Why Minors in College Are Important

by Rebekah Bruckner

College is an important time to explore your interests and understand your desires for your future. While every student must declare a major to study, many students forget that they can also choose a minor.

Learn with Lower Commitment

Minors in college provide students with the opportunity to learn more about something that they are interested in, whether or not it is related to their major. While majors require a lot of focus, attention, and time during college, minors are much less demanding as they often consist of ten courses or fewer. You may be concerned that adding a minor will spike the cost of tuition or extend your time in college, but this is not typical.

Prepare for a Career

While choosing a minor may seem unimportant or insignificant, students who choose to pursue minors in college often discover a variety of benefits. Studying a minor can help to diversify your understanding of a topic. For example, a math major may choose to minor in physics or computer science as these studies tie together well. Other students use their minor as a way to learn about a subject that they may not have the opportunity to engage with otherwise. A communication studies major might choose to minor in psychology or art or even biology. There are nearly endless combinations!

Why I Chose a Minor

When I began my time in college, I chose to major in English. I wanted to use my extra credits to take classes that sounded fun and enjoyable that would also teach me valuable skills. I quickly realized that all of the electives I wanted to take were art classes, so I declared a minor in graphic design. This decision has played out well over the past two years. Some of my graphic design classes overlap with English elective credits, so I get credit for both the minor and the major. I get to take classes that are engaging, interesting, and practical that will benefit my broad English major. Because of my graphic design minor, I will likely have more opportunities for a future career. The skills that I am learning in both areas complement each other, as I could work for a magazine or a website where I use both.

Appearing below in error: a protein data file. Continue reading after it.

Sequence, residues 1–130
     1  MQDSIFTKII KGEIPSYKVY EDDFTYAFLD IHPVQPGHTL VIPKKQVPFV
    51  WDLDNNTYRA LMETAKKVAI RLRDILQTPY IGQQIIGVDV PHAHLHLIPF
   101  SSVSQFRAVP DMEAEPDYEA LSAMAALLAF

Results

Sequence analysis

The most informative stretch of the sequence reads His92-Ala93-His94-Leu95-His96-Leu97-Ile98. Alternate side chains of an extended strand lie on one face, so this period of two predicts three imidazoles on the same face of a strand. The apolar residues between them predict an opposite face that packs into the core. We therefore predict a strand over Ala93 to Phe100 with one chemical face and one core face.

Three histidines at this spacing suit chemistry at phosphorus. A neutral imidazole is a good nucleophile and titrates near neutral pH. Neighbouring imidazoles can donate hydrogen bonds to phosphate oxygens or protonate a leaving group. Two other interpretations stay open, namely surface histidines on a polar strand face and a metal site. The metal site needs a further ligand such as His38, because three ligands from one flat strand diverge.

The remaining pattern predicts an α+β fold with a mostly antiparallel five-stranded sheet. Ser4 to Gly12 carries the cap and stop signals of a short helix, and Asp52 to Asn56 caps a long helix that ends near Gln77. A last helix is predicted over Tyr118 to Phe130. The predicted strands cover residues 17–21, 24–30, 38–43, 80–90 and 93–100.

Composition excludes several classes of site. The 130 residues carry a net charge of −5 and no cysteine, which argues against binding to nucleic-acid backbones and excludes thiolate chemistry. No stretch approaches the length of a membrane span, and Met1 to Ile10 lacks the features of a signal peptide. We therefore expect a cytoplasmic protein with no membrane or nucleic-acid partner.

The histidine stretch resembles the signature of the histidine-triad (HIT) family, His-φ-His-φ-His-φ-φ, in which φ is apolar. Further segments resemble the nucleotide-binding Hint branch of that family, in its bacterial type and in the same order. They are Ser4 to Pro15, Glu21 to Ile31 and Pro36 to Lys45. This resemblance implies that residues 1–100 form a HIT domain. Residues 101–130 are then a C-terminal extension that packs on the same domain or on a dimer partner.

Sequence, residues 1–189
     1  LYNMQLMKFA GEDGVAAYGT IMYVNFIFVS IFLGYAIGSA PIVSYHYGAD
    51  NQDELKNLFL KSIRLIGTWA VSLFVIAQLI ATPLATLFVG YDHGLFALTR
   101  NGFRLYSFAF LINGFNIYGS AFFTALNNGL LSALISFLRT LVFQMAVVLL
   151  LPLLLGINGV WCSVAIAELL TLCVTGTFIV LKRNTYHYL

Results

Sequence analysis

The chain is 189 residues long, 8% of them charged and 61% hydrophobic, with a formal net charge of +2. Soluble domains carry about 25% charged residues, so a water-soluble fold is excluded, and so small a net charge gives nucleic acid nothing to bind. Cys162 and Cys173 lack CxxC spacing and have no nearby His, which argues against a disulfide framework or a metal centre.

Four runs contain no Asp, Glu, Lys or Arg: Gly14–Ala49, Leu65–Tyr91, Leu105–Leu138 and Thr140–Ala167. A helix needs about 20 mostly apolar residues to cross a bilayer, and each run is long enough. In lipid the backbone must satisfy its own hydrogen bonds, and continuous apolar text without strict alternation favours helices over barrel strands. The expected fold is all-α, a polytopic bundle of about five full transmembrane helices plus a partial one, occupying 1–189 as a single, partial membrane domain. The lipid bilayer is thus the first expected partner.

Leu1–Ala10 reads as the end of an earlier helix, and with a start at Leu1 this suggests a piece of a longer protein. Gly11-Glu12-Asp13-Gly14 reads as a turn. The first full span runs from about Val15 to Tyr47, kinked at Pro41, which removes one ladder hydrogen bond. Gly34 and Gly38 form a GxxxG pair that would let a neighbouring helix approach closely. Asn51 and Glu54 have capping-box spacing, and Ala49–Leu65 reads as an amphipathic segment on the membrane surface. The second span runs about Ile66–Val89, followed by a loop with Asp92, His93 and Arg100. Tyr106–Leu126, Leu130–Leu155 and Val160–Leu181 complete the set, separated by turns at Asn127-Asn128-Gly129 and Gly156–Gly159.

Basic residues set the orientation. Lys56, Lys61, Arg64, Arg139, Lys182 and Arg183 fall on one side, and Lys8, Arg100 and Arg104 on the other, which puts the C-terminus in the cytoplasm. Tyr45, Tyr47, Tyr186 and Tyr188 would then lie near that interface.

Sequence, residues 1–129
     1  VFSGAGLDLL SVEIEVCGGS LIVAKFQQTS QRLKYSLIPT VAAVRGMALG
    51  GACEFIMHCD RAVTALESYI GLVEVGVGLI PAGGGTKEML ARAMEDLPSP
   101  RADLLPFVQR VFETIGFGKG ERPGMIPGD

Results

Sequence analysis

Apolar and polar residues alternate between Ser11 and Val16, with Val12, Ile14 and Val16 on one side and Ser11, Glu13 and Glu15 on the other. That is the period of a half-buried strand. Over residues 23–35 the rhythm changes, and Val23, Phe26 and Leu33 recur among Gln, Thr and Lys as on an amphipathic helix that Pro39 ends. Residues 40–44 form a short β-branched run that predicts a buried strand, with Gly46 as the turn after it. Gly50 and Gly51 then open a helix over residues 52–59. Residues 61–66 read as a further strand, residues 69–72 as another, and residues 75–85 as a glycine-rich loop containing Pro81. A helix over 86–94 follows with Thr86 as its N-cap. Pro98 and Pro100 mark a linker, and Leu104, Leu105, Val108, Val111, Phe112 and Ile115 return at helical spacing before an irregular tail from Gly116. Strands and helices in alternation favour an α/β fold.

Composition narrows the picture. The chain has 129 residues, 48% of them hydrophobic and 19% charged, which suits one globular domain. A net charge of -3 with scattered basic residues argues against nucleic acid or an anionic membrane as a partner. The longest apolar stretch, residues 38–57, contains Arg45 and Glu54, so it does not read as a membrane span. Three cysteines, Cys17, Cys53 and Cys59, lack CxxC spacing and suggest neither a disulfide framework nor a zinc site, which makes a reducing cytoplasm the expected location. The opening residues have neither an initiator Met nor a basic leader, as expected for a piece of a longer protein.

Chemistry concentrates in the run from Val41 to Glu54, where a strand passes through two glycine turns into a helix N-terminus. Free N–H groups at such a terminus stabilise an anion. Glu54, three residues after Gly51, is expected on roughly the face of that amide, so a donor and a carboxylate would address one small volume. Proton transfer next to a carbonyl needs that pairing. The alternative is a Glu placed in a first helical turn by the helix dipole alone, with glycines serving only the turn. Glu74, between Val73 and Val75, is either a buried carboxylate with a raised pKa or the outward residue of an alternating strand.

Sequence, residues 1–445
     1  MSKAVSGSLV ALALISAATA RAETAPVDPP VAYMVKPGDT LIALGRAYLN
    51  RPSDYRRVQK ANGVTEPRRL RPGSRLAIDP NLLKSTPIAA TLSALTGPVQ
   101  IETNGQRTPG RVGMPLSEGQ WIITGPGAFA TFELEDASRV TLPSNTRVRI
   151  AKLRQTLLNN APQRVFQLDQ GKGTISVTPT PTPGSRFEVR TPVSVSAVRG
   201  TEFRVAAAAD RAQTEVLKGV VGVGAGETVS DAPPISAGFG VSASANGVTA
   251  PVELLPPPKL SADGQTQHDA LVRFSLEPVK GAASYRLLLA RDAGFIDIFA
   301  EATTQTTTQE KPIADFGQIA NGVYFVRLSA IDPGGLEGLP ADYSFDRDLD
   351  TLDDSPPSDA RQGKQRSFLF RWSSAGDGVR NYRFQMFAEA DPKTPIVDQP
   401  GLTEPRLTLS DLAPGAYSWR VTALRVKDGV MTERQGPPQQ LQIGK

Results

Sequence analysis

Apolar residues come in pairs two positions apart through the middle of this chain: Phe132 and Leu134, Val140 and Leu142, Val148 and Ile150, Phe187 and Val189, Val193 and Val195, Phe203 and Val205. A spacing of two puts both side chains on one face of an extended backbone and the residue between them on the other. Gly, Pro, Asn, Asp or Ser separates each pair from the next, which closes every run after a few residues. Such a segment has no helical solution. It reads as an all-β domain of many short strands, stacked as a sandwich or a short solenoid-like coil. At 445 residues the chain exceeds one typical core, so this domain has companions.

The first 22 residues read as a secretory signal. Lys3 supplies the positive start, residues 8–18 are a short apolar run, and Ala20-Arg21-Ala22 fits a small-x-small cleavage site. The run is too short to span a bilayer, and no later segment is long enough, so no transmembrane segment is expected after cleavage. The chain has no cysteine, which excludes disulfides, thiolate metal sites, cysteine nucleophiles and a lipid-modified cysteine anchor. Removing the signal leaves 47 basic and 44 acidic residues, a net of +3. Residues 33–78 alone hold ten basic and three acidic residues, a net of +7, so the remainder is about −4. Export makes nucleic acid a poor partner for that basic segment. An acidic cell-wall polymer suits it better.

A Minor Is a Launch Pad

Students who decide to get minors in college often are a step ahead when they graduate as they have gained valuable experiences in an area outside of their major. Because these students study a minor, they will likely be qualified for a variety of careers, providing them with more opportunities post-graduation. Students who study a second subject are often more prepared to communicate with others outside of their field as they have a diverse understanding of topics. My minor has helped me to formulate a greater understanding of what career I would like to pursue. Because I have skills in digital and written communication, I will hopefully have greater opportunities after graduation.

When choosing a minor, be sure to pick something that will be both beneficial and enjoyable. Take advantage of the time you have in college to learn about things that interest you while developing skills that will be key for your future career!

Rebekah Bruckner ’18 is an editorial and public relations intern in the Office of University Relations. She is a English major and a graphic design minor.